Cairo (AFP) – Egyptians held their breath Sunday amid fears star striker Mohamed Salah could miss the World Cup after suffering an injury when wrestled to the ground by Real Madrid captain Sergio Ramos in the Champions League final.
Ramos, who locked arms with Salah before falling on top of the forward’s shoulder, became an instant hate figure for millions of Egyptians on social media, as well as the thousands who watched the game live at cafes.
“Ramos the Dog”, “Animal”, “We will take revenge”, “Dirty” and many more insults were thrown at Ramos on social media following Real’s 3-1 win over Liverpool in Kiev.
Salah left the pitch in tears holding his shoulder after just half an hour, a sight that prompted some Egyptians to burst into tears. Reported to have suffered a sprain in his shoulder ligaments, Salah remains doubtful for the World Cup in Russia, with the clock ticking before Egypt’s first game against Uruguay on June 15.
If the vitriol targeting Ramos seems exaggerated, it reflects how vital the speedy striker has become for his national team ahead of this summer’s World Cup.
The 25-year-old scored 44 goals in all competitions for Liverpool last season, a tally that earned him the Golden Boot for Europe’s top scorer and the Professional Footballers’ Association Player of the Year.
Without him, Egypt’s chances are “almost non-existent”, said Karim Said, editor-in-chief of YallaKora, a football-focused website.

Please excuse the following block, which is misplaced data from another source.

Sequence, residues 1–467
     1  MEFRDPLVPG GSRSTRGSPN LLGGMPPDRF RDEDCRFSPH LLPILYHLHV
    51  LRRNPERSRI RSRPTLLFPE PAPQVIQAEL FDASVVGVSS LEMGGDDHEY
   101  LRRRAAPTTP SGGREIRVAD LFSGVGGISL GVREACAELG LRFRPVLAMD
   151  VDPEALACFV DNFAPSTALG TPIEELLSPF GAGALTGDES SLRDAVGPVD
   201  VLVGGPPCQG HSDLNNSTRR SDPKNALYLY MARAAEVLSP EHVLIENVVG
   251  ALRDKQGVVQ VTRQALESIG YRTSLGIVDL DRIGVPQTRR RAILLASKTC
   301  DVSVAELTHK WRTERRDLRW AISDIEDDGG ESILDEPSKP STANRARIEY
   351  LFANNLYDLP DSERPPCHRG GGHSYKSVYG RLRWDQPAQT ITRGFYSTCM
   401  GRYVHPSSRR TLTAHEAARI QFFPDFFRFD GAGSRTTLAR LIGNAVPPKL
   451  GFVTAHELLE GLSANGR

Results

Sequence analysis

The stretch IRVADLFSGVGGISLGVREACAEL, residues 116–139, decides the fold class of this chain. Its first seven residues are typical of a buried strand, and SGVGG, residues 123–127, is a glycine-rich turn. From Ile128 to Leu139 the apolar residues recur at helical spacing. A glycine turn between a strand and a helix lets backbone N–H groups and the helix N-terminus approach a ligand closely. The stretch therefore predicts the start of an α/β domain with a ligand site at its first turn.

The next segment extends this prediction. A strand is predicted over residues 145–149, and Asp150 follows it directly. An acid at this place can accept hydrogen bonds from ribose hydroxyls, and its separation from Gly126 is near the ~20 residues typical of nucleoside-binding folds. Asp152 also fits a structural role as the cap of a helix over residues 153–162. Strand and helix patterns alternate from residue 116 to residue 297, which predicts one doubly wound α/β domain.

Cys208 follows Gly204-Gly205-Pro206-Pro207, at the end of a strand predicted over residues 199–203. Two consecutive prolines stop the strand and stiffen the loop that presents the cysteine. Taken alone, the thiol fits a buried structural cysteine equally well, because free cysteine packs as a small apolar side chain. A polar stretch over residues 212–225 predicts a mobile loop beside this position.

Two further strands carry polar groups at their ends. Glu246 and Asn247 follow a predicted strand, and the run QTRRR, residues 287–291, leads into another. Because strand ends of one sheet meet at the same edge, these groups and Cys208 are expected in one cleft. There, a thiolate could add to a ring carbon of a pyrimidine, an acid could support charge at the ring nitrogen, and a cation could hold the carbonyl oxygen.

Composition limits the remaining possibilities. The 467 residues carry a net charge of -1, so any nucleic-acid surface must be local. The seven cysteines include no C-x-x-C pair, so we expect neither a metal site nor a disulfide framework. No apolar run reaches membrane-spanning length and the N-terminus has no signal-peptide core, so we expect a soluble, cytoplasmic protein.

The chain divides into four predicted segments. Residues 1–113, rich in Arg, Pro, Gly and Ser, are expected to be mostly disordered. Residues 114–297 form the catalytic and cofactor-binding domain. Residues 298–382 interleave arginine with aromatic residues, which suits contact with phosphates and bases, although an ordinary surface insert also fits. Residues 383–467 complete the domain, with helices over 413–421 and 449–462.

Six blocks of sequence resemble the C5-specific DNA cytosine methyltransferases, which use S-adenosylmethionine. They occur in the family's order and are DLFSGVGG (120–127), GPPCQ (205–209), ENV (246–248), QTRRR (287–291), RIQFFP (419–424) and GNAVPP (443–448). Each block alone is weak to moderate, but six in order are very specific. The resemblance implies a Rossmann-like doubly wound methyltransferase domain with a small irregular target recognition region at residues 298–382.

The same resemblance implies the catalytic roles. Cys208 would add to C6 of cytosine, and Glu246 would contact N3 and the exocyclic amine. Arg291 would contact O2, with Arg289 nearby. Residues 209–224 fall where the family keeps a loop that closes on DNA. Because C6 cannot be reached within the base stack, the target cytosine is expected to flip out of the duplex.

“The (team’s) attack is mainly based on Salah,” said Said.
Thanks to Salah, who has become a source of pride for millions across the Arab world, Egyptians were looking to the World Cup with hope and enthusiasm.
Ramos’s dubious tackle, which went unpunished by match referee Milorad Mazic, prompted one furious fan watching the game to yell “Dirty guy” at the Spaniard, although his screams were drowned out by a sea of other insults.
On Sunday morning, the headline on Egyptian newspaper El Watan said it was reverting Ramos’s fate to God, in a tone echoed on social media networks.
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Ramos’s Facebook and Twitter accounts have been flooded with insults in Arabic and English, some even translated into Spanish.
A petition was even launched on the change.org platform, calling on FIFA and UEFA to punish Ramos for “intentionally hurting Mohamed Salah”. The petition has collected more than 111,000 signatures.
Ramos sent Salah a “Get Well Soon” Twitter message, adding he regretted that football “sometimes (shows) its bad side”, but “above all, we are comrades”.